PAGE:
Oh yes, it happened. It happened with him. Everyone left. He was big, like a bear. The room was where they kept the… I don’t know… cleaning stuff. He opened the door to the room with a…key?. He had the key. We had to be quiet…shhhhh… he put his arms around me. He’s so tall… and then… and then we… and then we… and then…

 During the investigation, Tom and I had become adversaries. My emails to him were curt and went unanswered for too many days. He claimed he was conducting an internal investigation. Getting to the bottom of it. He claimed no one had “seen anything unusual.” No interactions between my mother and Ilian, the PAL in question, were reported. His recommendation was to drop it. Chalk it up to her vivid imagination. Unless, of course, I wanted to get outside agencies involved.

Hi Deirdre,

I spoke with your husband and gave him the same information that I gave you.That after speaking with the PALs that are currently working and worked the Luau, she was in a public, visible location the entire time she was in the secured dementia area. We also confirmed that she was escorted up to her room after the Luau and was checked afterwards… Let me know if you have any questions.    Thanks,  Tom

I did have questions. Thousands of questions. But they were mostly rhetorical. There were no witnesses, no reliable witnesses, to confirm or deny what actually happened. Here is where memory goes faulty. Here is where fiction and actuality become distant cousins.

Advocate. Advocate for her! Around the time of the incident, I asked Tom to make sure my mother was bathed and dressed by female PALS. Prior to the Luau night, a diminutive Filipino PAL, with a limp and a ring on his finger, had bathed her with his tiny feminine hands. I thought that should halt. No, the bather PAL was not under suspicion, but I thought I should rule out anyone—small or large—who might be The Bear.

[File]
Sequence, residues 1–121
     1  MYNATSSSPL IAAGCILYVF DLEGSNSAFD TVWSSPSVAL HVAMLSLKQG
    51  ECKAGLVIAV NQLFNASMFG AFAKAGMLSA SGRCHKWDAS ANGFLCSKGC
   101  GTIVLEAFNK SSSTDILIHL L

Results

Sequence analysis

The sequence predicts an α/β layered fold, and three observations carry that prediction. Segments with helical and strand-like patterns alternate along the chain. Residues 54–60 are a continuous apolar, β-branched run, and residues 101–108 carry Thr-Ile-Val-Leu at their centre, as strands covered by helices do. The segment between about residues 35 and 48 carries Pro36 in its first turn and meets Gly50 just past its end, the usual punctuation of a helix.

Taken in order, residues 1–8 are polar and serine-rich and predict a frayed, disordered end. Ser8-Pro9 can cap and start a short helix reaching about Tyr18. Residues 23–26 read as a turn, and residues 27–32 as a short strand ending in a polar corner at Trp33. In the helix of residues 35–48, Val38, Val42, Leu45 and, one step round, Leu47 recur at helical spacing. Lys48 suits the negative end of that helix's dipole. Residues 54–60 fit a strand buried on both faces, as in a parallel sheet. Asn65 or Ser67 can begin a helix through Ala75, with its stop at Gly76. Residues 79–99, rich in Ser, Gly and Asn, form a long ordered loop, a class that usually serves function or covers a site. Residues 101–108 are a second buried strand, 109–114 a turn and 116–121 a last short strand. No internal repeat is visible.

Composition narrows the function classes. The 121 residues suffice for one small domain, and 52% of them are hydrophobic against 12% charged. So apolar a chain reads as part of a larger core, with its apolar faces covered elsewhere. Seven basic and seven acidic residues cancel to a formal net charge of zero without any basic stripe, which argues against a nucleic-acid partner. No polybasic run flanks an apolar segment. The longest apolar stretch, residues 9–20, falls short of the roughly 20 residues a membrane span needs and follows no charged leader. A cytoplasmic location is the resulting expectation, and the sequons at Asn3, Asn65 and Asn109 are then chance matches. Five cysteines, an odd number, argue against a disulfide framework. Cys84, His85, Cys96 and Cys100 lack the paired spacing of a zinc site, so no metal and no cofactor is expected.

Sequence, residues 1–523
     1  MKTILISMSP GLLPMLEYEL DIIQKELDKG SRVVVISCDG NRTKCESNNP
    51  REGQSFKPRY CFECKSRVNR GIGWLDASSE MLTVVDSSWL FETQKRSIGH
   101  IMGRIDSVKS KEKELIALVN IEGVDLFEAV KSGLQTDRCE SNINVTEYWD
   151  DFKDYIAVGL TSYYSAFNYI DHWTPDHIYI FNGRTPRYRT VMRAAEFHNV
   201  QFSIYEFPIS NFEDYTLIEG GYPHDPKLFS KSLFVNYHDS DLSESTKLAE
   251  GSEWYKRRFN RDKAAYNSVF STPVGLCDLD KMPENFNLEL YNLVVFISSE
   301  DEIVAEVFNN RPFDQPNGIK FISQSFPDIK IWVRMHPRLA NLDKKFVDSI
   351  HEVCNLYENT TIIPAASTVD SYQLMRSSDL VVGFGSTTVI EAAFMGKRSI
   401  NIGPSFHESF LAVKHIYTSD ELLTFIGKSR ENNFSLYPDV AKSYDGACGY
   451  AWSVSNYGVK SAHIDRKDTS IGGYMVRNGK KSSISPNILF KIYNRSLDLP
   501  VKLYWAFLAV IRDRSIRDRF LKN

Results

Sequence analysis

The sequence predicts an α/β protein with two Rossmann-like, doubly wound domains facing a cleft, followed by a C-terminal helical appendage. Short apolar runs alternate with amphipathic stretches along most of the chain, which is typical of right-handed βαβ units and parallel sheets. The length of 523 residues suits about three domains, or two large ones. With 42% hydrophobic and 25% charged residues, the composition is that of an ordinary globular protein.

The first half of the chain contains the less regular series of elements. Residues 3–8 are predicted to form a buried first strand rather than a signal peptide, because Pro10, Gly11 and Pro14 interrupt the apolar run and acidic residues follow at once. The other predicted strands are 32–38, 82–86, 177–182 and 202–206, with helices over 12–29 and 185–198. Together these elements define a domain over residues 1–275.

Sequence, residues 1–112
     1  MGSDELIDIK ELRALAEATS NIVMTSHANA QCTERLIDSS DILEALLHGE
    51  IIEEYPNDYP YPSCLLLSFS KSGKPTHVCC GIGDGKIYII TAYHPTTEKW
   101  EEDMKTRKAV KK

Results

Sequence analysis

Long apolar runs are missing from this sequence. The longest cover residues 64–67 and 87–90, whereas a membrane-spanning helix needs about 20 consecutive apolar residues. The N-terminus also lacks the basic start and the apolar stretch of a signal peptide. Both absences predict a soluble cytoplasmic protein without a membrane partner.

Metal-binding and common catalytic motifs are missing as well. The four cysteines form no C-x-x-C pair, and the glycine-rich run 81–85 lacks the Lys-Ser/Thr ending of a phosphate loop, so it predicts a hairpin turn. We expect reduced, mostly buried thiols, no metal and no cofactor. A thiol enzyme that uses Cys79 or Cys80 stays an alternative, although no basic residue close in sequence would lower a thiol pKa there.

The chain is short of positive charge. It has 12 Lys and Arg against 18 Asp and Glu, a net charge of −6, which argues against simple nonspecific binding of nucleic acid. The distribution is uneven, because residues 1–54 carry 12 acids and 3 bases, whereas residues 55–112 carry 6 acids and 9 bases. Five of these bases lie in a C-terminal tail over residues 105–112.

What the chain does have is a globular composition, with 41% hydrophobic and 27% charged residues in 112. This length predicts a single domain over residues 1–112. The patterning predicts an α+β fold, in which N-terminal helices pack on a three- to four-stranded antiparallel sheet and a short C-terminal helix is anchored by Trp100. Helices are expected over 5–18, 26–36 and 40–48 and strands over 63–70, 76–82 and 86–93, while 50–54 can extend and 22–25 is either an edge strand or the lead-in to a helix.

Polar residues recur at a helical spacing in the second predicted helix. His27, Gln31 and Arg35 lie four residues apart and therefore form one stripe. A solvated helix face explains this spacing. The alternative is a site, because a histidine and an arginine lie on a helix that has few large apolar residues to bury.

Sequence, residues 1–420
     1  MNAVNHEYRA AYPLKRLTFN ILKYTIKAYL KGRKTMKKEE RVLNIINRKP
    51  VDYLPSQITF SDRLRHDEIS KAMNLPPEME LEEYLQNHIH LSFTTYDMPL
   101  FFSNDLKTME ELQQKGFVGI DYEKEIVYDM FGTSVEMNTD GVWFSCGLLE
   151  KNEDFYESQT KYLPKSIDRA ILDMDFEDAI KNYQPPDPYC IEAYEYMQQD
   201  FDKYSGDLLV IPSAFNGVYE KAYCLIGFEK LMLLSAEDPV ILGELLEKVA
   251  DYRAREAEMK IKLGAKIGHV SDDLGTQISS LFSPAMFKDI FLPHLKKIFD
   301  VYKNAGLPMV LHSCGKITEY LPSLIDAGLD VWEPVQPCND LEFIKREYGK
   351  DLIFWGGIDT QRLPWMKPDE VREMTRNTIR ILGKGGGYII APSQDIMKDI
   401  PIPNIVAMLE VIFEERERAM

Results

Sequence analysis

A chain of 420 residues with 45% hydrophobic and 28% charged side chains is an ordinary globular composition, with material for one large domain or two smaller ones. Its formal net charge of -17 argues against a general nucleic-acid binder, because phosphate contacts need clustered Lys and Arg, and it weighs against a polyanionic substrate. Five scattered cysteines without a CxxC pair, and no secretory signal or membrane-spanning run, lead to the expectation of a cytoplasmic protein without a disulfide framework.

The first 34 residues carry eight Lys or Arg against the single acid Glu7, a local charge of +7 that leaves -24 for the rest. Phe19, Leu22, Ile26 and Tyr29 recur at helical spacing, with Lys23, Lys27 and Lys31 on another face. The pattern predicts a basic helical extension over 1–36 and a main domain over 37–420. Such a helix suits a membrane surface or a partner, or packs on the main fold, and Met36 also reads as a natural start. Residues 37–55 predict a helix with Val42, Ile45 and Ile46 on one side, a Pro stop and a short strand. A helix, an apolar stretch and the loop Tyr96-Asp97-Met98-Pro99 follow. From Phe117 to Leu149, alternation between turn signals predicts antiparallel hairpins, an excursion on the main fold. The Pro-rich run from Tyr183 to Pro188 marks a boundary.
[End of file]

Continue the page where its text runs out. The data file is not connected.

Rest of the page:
I called a friend who had been a forensics nurse and recounted the story of the Luau party and my mother’s love interest. She thought I should move forward with a police investigation. She thought a rape kit, an exam, and formal charges should be filed. This seemed worthy of consideration but stressful for Pat – and invasive at best.

That night in her room, after I learned about our options for moving forward, my mother told me that she “hadn’t seen him [her lover] in a while.” She thought maybe he was “away, out of town.” She said she missed him. She hoped he’d come back soon. I asked her if she remembered my late father, to whom she’d been married for 46 years. She said she did remember him. He was her favorite. Then she put her head down on the pillow and rested her dancer’s legs.

She was relatively lucid that night. For years she’d had similar moments in which she seemed to unpack a small valise and make a valiant return from her own exile. She seemed to know me or at least the warmth of me, and to be familiar with herself.

For years, she’d had these fleeting moments of connection, which fooled me into thinking she was present, that she had understood our conversation, our interaction.  Maybe there was an understanding, something primal, that lives between the cracks.

That night, for a brief and wondrous moment, I wanted to believe that no matter what occurred after the music ended at the luau party, my mother was in love.